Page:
Leading bookseller Waterstones has begun a company-wide consultation ahead of a restructure, affecting some 560 managers, it has been reported today.
Waterstones, which launched an ad campaign towards the end of last year highlighting the importance of bookshops, is to restructure in a bid to focus more strongly on “traditional shop floor bookselling”, according to The Bookseller.
In an email sent to staff last night, Managing Director of the chain James Daunt explained that all employees operating as Branch Manager, Assistant Manager, General Manager and Deputy Manager will enter consultation as these roles are set to be abolished and replaced by a new Bookshop Manager role which will “call on different skills”.
Some stores may have multiple Bookshop Managers and current managers are able to apply for the position so it is presently unclear how many jobs are to be cut.
Daunt defending the move in the email, telling staff: “It is particularly important that we do this because more than ever before our managers will be central to our ability to deliver effective bookshops: the decisions that define the character of our bookshops will fall to them in the new role.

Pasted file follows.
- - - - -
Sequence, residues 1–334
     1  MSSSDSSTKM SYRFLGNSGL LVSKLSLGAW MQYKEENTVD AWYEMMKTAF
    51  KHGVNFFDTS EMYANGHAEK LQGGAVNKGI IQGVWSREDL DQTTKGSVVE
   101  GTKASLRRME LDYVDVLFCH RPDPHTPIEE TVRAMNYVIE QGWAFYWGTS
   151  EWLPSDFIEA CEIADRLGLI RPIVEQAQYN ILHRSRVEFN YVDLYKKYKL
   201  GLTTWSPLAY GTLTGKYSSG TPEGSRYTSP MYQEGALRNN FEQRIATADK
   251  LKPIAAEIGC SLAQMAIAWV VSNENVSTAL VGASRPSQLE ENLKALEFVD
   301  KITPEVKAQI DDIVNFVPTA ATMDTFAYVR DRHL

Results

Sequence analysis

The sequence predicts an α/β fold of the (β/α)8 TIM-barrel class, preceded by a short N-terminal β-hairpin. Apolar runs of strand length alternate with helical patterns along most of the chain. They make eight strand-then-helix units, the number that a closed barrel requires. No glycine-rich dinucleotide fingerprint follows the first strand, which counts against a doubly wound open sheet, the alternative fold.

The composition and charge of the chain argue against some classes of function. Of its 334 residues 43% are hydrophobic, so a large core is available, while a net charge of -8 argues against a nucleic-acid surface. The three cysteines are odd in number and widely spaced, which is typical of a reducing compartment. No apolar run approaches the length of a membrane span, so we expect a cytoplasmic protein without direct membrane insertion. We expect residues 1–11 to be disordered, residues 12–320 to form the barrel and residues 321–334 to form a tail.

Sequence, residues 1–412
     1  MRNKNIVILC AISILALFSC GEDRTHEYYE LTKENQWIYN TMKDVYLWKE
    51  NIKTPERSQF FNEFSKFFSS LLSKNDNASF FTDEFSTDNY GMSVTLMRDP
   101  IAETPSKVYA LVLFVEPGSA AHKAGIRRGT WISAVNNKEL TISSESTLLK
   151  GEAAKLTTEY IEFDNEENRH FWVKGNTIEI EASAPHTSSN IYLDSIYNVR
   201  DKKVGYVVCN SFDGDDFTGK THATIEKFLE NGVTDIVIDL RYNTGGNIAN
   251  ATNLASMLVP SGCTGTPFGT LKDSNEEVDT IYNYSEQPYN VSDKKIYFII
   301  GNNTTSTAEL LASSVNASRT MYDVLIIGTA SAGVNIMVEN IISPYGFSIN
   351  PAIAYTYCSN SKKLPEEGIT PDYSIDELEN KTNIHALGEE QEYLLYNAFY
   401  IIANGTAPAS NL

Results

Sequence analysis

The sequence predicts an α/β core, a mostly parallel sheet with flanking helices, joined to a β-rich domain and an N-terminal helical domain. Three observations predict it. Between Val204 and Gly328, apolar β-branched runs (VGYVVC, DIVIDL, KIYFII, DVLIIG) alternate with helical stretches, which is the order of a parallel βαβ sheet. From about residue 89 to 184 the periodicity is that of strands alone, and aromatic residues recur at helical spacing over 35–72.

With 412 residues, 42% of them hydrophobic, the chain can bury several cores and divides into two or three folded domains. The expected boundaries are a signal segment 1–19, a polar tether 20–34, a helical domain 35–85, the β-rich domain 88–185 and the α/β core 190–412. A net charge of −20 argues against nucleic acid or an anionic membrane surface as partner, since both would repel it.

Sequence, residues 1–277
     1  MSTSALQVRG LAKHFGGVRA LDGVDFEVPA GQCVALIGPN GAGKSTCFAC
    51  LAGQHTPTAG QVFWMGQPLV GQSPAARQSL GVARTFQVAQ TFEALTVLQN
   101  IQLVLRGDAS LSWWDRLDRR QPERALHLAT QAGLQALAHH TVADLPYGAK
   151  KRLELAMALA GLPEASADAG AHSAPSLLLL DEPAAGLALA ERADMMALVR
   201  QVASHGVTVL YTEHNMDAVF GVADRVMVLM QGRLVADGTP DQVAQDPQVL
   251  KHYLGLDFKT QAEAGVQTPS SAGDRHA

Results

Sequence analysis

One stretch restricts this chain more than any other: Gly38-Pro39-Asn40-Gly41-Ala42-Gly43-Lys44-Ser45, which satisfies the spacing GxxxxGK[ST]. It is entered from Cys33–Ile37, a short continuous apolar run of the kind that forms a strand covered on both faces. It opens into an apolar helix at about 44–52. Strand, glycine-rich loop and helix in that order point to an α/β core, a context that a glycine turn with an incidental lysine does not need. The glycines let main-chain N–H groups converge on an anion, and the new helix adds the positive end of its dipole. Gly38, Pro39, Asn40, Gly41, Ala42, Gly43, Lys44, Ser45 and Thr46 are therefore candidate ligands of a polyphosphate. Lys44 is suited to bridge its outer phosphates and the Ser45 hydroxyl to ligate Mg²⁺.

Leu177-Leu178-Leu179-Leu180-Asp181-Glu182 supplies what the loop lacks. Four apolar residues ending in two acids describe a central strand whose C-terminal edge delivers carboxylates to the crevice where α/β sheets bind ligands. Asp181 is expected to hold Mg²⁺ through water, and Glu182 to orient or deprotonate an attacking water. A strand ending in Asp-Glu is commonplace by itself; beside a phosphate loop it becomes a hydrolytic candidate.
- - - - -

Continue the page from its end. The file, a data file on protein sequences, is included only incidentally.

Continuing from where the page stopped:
“The future of Waterstones ultimately rests on the skill and effort of the bookselling teams in our shops and the leadership given to them.”
Earlier this year, the retailer restructured its regional management teams and is also placing its online operations under a “fundamental review”.
In order to further support stores, Waterstones will also work to ensure a more responsive head office as well as a competent Hub and Daunt explained that such evolution was necessary in order to support future growth, apologising that such a move comes “at the very moment that we are doing well”.
He added: “The context, however, is the current unforgiving bookselling environment.
“We may be running better bookshops, and running these in a very different manner to before, but we have yet to recognise this in our management structure.
“If we are to secure the future of Waterstones, we must take the difficult step to do so.”